verb (used without object), spored, spor·ing.
Origin of spore
Related Words for sporesegg, grain, nut, berry, corn, germ, unit, bacterium, spore, kernel, concept, rudiment, impression, inkling, ovum, cell, start, suspicion, bud, image
Examples from the Web for spores
Contemporary Examples of spores
As a result of the small size of the spores, anthrax is virtually impossible to see, smell, or taste.CDC: 80 May Have Been Exposed to Anthrax
June 19, 2014
All of us inhale a few dozen spores every day and are no worse for wear.Contamination Seen as Cause for New Meningitis Outbreak in Five States
October 4, 2012
Ultrafiltration membranes remove more than 99 percent of bacteria, molds, and spores from drinking water, and can be used at home.Technologies That Empower Women
March 7, 2010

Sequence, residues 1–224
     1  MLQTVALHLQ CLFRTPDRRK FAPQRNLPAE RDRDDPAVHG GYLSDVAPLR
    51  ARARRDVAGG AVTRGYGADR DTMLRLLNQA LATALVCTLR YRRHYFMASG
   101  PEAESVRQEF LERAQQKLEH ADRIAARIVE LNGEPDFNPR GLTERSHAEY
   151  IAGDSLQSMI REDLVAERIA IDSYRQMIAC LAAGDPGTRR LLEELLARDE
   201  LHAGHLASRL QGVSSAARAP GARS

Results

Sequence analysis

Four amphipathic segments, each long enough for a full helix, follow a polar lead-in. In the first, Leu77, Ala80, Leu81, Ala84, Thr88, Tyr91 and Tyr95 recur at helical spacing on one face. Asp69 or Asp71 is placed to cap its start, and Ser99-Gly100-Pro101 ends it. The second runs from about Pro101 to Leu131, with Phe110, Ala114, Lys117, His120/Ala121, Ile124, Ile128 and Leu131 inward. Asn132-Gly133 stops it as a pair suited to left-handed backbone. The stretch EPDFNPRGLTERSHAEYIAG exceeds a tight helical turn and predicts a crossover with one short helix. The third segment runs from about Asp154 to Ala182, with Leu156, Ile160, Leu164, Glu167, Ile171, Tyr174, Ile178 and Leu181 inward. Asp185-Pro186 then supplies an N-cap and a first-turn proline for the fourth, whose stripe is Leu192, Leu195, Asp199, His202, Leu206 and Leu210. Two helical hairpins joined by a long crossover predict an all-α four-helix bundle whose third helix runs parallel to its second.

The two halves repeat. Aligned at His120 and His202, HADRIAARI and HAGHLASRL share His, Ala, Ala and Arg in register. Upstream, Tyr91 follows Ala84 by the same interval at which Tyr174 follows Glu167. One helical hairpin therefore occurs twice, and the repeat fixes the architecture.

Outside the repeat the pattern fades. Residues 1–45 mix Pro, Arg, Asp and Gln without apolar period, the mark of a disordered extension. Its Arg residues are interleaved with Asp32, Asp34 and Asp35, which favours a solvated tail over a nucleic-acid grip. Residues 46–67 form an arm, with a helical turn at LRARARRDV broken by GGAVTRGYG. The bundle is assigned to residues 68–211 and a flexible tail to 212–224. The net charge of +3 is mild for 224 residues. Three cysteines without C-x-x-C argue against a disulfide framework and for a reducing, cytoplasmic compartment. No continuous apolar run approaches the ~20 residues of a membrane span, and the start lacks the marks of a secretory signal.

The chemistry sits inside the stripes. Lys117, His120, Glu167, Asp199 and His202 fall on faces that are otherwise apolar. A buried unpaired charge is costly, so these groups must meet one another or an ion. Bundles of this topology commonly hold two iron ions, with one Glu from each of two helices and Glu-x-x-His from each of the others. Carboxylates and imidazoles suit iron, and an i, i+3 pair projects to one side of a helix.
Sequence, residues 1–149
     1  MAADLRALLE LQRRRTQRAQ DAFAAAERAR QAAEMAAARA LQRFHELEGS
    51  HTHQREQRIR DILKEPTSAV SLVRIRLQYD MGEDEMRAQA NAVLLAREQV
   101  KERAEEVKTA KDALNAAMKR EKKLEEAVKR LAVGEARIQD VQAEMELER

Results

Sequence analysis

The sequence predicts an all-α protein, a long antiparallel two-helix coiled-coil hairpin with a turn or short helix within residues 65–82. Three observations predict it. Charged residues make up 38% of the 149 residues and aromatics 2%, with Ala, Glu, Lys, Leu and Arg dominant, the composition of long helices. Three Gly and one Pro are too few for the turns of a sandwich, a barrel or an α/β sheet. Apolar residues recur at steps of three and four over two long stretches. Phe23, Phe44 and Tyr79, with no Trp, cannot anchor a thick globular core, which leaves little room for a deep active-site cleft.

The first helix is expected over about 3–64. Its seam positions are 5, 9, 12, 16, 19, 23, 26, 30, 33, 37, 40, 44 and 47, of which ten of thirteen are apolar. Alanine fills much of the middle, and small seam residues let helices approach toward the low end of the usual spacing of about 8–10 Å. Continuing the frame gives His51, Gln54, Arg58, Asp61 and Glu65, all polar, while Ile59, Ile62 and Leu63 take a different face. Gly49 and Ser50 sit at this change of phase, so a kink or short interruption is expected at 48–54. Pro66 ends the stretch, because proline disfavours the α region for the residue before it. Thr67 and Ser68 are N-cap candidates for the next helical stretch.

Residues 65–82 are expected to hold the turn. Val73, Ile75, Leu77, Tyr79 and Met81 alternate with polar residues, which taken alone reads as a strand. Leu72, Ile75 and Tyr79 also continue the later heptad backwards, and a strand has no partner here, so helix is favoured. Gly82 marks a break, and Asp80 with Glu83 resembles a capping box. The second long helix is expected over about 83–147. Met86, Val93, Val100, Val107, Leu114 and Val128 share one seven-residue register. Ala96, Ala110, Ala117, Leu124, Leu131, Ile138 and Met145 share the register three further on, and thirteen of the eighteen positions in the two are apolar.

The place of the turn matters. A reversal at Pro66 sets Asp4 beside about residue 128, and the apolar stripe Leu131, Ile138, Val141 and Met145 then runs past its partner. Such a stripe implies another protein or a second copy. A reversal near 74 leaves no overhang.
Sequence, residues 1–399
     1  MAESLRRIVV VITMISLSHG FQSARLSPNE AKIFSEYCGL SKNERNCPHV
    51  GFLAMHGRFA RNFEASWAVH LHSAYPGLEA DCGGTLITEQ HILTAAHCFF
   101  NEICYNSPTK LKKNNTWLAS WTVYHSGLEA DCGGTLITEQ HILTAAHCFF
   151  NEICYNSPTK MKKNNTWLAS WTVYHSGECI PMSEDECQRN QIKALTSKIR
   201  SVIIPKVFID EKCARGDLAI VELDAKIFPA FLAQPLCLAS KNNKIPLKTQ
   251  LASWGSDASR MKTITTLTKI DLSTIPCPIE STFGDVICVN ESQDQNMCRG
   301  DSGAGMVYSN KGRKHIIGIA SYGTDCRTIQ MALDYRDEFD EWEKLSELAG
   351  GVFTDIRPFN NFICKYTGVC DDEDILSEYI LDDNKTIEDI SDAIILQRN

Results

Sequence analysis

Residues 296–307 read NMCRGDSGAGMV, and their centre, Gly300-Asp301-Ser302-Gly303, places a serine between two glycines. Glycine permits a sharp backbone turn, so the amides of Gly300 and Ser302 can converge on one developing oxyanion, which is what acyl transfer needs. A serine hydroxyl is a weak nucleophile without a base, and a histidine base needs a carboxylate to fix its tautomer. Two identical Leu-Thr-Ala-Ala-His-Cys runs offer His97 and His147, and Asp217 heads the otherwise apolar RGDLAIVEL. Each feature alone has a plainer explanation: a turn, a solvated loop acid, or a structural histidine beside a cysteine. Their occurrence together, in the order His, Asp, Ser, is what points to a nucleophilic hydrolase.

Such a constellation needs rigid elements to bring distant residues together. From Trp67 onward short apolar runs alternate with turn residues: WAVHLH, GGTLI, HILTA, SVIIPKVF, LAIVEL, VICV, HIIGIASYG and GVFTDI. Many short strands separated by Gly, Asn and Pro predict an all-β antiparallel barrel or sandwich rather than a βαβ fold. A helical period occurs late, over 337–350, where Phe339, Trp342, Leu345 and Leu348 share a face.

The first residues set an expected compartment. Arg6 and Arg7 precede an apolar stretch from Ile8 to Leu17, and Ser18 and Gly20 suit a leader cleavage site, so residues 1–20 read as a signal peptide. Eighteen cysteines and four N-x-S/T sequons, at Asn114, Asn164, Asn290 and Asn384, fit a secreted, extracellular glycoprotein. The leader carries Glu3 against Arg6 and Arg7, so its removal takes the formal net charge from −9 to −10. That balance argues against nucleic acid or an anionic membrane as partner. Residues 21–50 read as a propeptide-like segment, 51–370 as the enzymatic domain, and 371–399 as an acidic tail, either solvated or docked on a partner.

Historical Examples of spores
But it is unnecessary to dwell longer on the spores of fungi.Life: Its True Genesis
R. W. Wright
This family is divided into five series, according to the color of their spores.
The spores are globose or nearly so, with a large "nucleus" nearly filling the spore.
Spores ovate or subelliptical, mostly uninucleate, sordid green.
If the spores should be colored, white paper should be used.
Word Origin for spore
1836, from Modern Latin spora, from Greek spora "seed, a sowing," related to sporos "sowing," and speirein "to sow," from PIE *sper- "to strew" (see sprout (v.)).
A reproductive cell or group of cells, produced by some plants, that is capable of developing into an adult plant without combining with another reproductive cell. Plants also produce sperm cells. The spores of nonflowering plants are analogous to the seeds of flowering plants. (See asexual reproduction; compare sexual reproduction.) Fungi and algae typically reproduce by means of spores that are carried by the wind or some other agency to a new location for growth.